Published Date 10/25/18 7:00 AM
Castel Sant’Angelo (Hadrian’s mole or “Castellum Crescentii” in the 10th-12th centuries), also called the Mausoleum of Hadrian, is a monument located on the right bank of the Tiber in Rome, opposite the Pons Aelius (currently called Ponte Sant’Angelo), not far from the Vatican, in the Borgo district. it connects to Vatican City via the fortified corridor known as the “passetto”. The castle was radically reconstructed several times in the Middle Ages and during the Renaissance.
Owned by the Italian Minister of Cultural Heritage and Activities (MIBAC), in December 2014 the museum became part of the Lazio Museum Complex.
Inside the complex, the former papal rooms have been converted into a venue that periodically hosts temporary exhibitions of paintings, sculptures, drawings and works on paper.
The reliability of an invisible system
As we have already seen in another post, works of art are very sensitive to variations in temperature and humidity; these must never undergo sudden changes and indeed need to remain stable, respectively between 18-20°C and 45% and 50%.
Compliance with these constraints in older buildings involves a whole series of critical issues that are not always easy to manage.
In Castel Sant’Angelo, a non-invasive measurement and supervisory system, totally concealed from visitors, and that guaranteed a high degree of reliability, with the possibility of remote alarms, supervision and control, were the priorities. The system also needed to be flexible and reusable, as the exhibition spaces are used for exhibitions with different control requirements, both in terms of the space occupied and the objects on display. The system needed to be integrated into the exhibit rooms not involved in the initial installation, thus communicating with the existing systems, and also needed to interface with any technology added subsequently, without restrictions in terms of brands or products. Everything had to be done quickly, so as to be ready in time for the planned opening date of the exhibition.
Which problems have been encountered?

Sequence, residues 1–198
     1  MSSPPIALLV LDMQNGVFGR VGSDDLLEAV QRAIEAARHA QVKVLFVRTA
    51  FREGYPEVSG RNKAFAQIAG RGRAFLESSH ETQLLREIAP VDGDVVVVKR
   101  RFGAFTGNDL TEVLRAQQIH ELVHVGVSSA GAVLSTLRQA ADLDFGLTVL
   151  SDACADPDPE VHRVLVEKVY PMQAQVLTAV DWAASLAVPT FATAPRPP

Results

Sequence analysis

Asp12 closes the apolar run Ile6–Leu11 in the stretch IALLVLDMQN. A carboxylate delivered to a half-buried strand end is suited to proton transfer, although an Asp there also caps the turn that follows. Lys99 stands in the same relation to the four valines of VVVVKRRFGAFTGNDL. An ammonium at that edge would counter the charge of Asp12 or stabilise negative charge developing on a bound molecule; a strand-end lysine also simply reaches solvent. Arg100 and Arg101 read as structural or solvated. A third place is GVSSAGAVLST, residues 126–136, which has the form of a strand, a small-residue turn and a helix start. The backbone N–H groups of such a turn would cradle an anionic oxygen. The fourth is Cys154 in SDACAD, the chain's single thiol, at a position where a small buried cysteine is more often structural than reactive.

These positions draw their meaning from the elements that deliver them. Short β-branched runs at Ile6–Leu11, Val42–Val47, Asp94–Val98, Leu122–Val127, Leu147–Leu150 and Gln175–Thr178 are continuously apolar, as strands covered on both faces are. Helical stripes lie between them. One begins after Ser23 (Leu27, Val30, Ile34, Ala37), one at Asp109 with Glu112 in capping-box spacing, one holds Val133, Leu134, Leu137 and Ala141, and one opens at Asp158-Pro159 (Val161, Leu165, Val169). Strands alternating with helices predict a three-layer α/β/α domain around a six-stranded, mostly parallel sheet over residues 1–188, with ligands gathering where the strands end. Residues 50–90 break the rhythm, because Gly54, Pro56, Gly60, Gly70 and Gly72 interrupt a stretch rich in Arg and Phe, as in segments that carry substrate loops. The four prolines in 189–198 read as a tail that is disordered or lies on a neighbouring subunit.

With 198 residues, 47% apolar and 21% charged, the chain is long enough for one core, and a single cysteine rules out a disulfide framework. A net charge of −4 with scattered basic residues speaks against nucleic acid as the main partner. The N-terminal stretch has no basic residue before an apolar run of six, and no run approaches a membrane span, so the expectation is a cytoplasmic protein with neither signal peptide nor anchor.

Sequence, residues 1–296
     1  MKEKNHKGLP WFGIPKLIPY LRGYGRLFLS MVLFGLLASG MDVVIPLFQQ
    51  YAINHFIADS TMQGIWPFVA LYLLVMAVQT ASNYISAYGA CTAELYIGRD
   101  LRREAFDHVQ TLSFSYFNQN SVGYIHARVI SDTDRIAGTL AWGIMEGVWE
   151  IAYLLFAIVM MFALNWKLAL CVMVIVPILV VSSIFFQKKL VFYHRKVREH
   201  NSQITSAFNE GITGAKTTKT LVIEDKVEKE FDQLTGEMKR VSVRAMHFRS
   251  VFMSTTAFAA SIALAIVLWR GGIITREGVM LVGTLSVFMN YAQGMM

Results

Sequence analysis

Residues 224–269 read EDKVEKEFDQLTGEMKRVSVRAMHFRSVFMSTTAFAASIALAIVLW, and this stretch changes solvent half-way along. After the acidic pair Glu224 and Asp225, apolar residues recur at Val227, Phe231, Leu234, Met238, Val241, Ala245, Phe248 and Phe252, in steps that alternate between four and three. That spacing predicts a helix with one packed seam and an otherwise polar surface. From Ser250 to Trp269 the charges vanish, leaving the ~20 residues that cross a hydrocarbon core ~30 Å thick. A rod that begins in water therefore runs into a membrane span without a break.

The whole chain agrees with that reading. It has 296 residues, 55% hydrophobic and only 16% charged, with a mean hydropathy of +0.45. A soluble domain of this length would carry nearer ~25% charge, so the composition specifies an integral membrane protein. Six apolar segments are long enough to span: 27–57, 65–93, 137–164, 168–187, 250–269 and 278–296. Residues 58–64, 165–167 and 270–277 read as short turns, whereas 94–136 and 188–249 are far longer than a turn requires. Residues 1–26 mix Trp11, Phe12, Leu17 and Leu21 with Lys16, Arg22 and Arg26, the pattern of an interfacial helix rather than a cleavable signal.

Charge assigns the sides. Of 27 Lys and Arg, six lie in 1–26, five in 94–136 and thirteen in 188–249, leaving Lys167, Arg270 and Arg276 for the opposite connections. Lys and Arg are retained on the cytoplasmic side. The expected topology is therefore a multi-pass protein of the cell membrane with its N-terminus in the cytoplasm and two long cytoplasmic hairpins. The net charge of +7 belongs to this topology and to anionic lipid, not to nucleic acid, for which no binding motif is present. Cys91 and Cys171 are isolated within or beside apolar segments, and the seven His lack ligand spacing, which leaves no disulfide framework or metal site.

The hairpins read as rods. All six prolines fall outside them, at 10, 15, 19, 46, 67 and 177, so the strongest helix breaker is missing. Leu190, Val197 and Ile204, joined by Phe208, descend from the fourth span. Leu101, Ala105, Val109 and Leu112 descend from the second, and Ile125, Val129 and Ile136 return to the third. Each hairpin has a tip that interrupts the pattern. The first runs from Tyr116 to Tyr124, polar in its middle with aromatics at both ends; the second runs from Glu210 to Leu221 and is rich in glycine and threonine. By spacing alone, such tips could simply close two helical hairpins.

The fundamental problem for the care and protection of the exhibited works was insufficient temperature and humidity control. The rooms, due to their structure, had different thermal and humidity loads, and the works on display required different set points, as established by the museum curator. The supervisory and control solution installed allowed interaction with other products installed
for air temperature control and dehumidification, as well as with the ultrasonic precision humidifiers, interacting with these based on active alarm notifications and allowing solutions to be applied remotely. The use of ultrasonic humidifiers
fulfilled the pressing demand for precise control of humidity in the different rooms.
The architecture comprises a 4 metre interior and 1.5 metre exterior wall structure, together with metal structures placed on the openings, with consequent potential problems in the transmission of data via the Zig-Bee wireless protocol. However, the use of an external network of bridge routers overcame any communication problems between the probes and the supervisor. The chosen products were installed in a non-invasive way
, in compliance with the organisers’ requirements: giving visitors the opportunity to immerse themselves in a sixteenth century environment, without interference by electronic instruments.
The monitoring system developed was able to guarantee, in a very short time and with reduced installation costs, the very strict temperature-humidity requirements
( 22 degrees +/- 1.5 degrees - RH 55% +/- 3%). These requirements are fundamental for the correct conservation of the exhibited works, coming from leading museums around the world, and had to be complied with in order for the exhibition to go ahead.
The resulting system is highly flexible and easily expandable to all exhibition spaces
, with very low integration costs and fast installation, a fundamental requirement due to the very short time available to have all the structures in Castel Sant’Angelo ready for use.
Humidity control in museums and libraries
Artworks sensitivity to relative humidity
The materials used in artworks and their reactions to fluctuations in relative humidity